Rifampicin (RFP; 30 mg/kg) was orally administered to fasted or fed rats using ultrapure water as the vehicle, and the influence of food on its pharmacokinetics was investigated. To examine the influence of intragastric pH and RFP solubility, similar experiments were performed using 0.1 M HCl (pH 1.0), 0.1 M phosphate buffer (pH 6.8), or 10% Tween 80 vehicles. Plasma RFP concentrations were measured by HPLC-UV for 24 h. The administration of RFP to fed rats in ultrapure water (10% dissolved) resulted in a significant 40% reduction in the maximum plasma drug concentration (Cmax) and area under the concentration–time curve (AUC0–24), as compared with fasted rats (p<0.05). RFP administration in 0.1 M phosphate buffer (10% dissolved) produced approximately 25% lower Cmax and AUC0–24 values, as compared with those achieved by RFP in ultrapure water in fasted rats. The administration of RFP in 0.1 M HCl (100% dissolved) to fasted rats increased the AUC0–24 by approximately 1.8-fold, compared with ultrapure water, suggesting that increasing RFP solubility increased its absorption. The 10% Tween 80 vehicles (60% dissolved) enhanced the absorption of RFP to a similar level as observed when using 0.1 M HCl solution, suggesting that both the improvement in solubility and P-glycoprotein inhibition by Tween 80 increased the absorption. This study suggested that RFP solubility in gastrointestinal fluid may be an important determinant of absorption and that it would be beneficial to change the timing of RFP administration to patients with insufficient clinical outcomes by administration after a meal.
Crebanine, an aporphine alkaloid, displays various biological activities such as anticancer and antimicrobial activities. In this study, we further investigated the suppressive effect of crebanine on lipopolysaccharide (LPS)-induced expression of proinflammatory mediators and the molecular mechanisms underlying these activities in RAW264.7 macrophages. Crebanine inhibited the production of proinflammatory cytokines including interleukin-6 (IL-6) and tumor necrosis factor-alpha in LPS-induced RAW264.7 cells. Moreover, crebanine suppressed LPS-induced inducible nitric oxide (iNO) and prostaglandin E2 and reduced the expression of iNO synthase and cyclooxygenase-2 in RAW264.7 cells. Crebanine suppressed LPS-induced phosphorylation of Akt and mitogen-activated protein kinases (MAPKs), including extracellular signaling-regulated kinase 1/2, c-Jun NH2-terminal kinase, and p38 MAPK signaling. In addition, the specific inhibitor of MAPKs and Akt reduced the expression of IL-6 and NO production in LPS-induced macrophages. Furthermore, crebanine inhibited LPS-induced nuclear factor kappa B (NF-κB) activation by reducing the phosphorylation of p65 at Ser536 but not the p65 translocation to the nucleus and inhibitory factor kappa B alpha degradation. Crebanine also suppressed phosphorylation and nucleus translocation of activator protein-1 (AP-1). These observations suggest that the antiinflammatory properties of crebanine may stem from the inhibition of proinflammatory mediators via suppression of the NF-κB, AP-1, MAPKs, and Akt signaling pathways.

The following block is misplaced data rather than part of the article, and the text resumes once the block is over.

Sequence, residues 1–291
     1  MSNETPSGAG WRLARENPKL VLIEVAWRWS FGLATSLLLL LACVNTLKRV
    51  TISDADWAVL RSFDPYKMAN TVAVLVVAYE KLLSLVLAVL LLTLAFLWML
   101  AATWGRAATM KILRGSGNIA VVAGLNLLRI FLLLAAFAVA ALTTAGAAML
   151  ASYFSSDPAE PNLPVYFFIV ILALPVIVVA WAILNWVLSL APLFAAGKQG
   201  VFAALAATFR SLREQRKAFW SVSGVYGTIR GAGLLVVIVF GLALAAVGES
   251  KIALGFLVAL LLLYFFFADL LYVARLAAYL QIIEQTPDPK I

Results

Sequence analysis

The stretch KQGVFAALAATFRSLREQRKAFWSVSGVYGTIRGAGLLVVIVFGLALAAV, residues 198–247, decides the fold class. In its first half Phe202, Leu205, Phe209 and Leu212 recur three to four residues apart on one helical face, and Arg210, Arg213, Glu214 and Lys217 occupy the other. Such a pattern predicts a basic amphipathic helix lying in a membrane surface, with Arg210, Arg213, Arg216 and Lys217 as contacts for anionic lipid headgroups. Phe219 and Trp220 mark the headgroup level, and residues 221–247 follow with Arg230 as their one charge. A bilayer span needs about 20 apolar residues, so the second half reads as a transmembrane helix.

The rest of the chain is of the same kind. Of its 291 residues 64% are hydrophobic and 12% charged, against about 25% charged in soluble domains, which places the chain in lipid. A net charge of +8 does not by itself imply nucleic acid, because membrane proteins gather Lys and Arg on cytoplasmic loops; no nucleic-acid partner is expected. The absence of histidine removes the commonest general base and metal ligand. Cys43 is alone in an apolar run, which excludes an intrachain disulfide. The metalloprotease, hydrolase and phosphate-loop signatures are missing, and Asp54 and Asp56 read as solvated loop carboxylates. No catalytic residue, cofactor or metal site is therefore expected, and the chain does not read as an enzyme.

We examined whether calcium alginate (Ca-Alg) reduces blood cholesterol levels in rats fed a high-cholesterol diet. First, we examined taurocholate adsorption in vitro by various types of sodium alginate (Na-Alg). High molecular-weight, guluronic acid-rich Na-Alg showed the greatest adsorption of taurocholate, and therefore the corresponding Ca-Alg was chosen for the in vivo study. Rats were fed a high-cholesterol diet or a Ca-Alg-containing diet for 2 weeks. Body weight and diet intake were measured, and the general condition of the animals was monitored during this period. After 14 d, the plasma concentration of cholesterol, portal plasma concentration of bile acid, and bile acid in feces were measured. The plasma concentration of cholesterol was significantly reduced in rats fed a 2% Ca-Alg-containing diet. Furthermore, the portal concentration of bile acid was significantly lowered in the 2% Ca-Alg group. A tendency for a Ca-Alg concentration-dependent increase in fecal excretion of bile acid was also seen, although it was not statistically significant. While several changes in biochemical parameters and histopathological findings were observed, all the values remained within the physiological range. These results indicate that Ca-Alg is effective in reducing plasma cholesterol. A possible mechanism would be enhanced fecal excretion of bile acid due to reduced intestinal reabsorption, which in turn might stimulate bile acid synthesis from cholesterol in the liver, leading to a decrease in plasma cholesterol.